New York University on Wednesday issued a series of guidelines and rights for the workers who will be employed in constructing the institution's new campus in Abu Dhabi. The rights wouldn't generally be exceptional in the United States, but go far beyond the way many workers are treated in the region. Employees are assured eight-hour days, overtime will be voluntary and compensated, passports and other documents will be retained by the employees, health insurance will be provided, and so forth. The announcement follows concern from some at NYU's main campus that the workers employed in the Middle East would not be treated appropriately. The Associated Press quoted officials with Human Rights Watch as praising NYU's pledges as "precedent setting" for the region and "a huge step forward."
Higher Education Quick Takes
The province of Saskatchewan has cut all funding for First Nations University, which is a Native Canadian institution supported jointly by the provincial and federal governments, The Globe and Mail reported. The move follows a series of financial scandals as well as censure by Canada's national faculty organization.
A majority of the postdoctoral researchers at the the University of Massachusetts campuses at Amherst, Boston and Dartmouth have signed cards seeking union representation -- and by doing so they have triggered the right for their union to engage in collective bargaining. The new union is affiliated with the United Auto Workers. The UMass unit is the first to represent postdocs in Massachusetts.
The University of North Florida has served notice that it intends to fire Tayeb Giuma, a tenured electrical engineering professor currently facing battery charges and who an investigation found to have a history of bullying and intimidation, The Florida Times-Union reported. A letter from the provost to Giuma cited his Sept. 25 arrest, after a contractor said he was attacked during a dispute -- an attack captured on film by a security camera. "Your behavior on Sept. 25, 2009, demonstrates that your past tendency of threatening behavior and violence toward others continues even to the present," the letter said. Giuma did not respond to requests for comment.
More than 41 percent of students who took Advanced Placement tests last year failed to earn at least a 3 (on a scale of 1-5) that would be considered a passing grade, according to an analysis by USA Today. The high failure rates, according to the newspaper, raise questions about the strategy of the College Board and many states of encouraging greater use of the AP program, especially in schools where students may not receive adequate preparation. College Board officials maintain, however, that increasing failure rates are inevitable as more students take the exams, and that the overall failure rates are rising on some of the tests and falling on others.
The Yuba Community College board on Wednesday voted to revoke a controversial $29,000 raise for Chancellor Nicki Harrington, News 10 reported. Board members said that they were starting a process to award a new raise, and that they acted because questions have been raised about whether their earlier vote to award the raise violated state open-meetings requirements. Board members said that they didn't believe they had violated the law, but wanted to remove any doubts. Many faculty and student leaders have spoken out against the raise, saying it was inappropriate at a time of deep budget cuts at the California community college.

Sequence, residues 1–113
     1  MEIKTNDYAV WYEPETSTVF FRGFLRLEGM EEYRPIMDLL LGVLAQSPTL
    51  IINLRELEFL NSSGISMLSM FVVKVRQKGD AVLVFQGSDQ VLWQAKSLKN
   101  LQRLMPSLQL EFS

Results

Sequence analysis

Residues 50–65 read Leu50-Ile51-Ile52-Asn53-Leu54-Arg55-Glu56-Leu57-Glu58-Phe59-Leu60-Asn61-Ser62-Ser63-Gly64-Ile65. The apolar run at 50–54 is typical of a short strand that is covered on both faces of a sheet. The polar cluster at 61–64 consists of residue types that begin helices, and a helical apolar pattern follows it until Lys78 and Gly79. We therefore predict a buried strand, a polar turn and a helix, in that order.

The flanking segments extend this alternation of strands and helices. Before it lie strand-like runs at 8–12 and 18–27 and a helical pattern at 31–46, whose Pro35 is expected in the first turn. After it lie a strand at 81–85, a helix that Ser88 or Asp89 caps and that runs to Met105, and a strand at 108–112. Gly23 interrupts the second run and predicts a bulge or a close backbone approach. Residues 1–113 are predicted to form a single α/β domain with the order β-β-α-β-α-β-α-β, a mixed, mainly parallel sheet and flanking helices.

In the latest budget cut, City College of San Francisco has called off summer session. The San Francisco Chronicle reported that many students are frustrated, given that they have been closed out of classes in the rest of the academic year and have been hoping to catch up by taking courses during the summer. While some surrounding community college districts have summer sessions, they give priority to their own students and may not have much room for those from San Francisco.
British authorities have found that the former registrar of the University of Surrey and of the University of Bath offered African women fake degrees if they would let him spank them, The Times of London reported. He claimed that he was seeking their assistance with a "pain management" study, but that was not the case. Karl Woodgett, the former registrar, pleaded guilty to charges of making false instruments (the university degrees) and of possessing items used for fraud.
In theory, "Argyle," the new sculpture installed at the University of Alabama at Tuscaloosa, is about fabric and textiles. But many on the campus see something phallic in the 10-foot work of art. See this photograph from The Tuscaloosa News and judge for yourself.
Southwestern College, a community college in California, has been placed on probation by its accreditor, which issued a harshly critical report on the institution. The San Diego Union-Tribune reported that the report said that the accreditor cited serious problems with governance, morale and learning. The college was in the news last year for, among other things, suspending four instructors without pay, following a campus rally criticizing the administration's handling of budget cuts. Faculty leaders said that the accreditor's report backed up the criticisms they and student leaders have been making. College leaders said that they were working to remedy the problems and were confident the college would get off probation.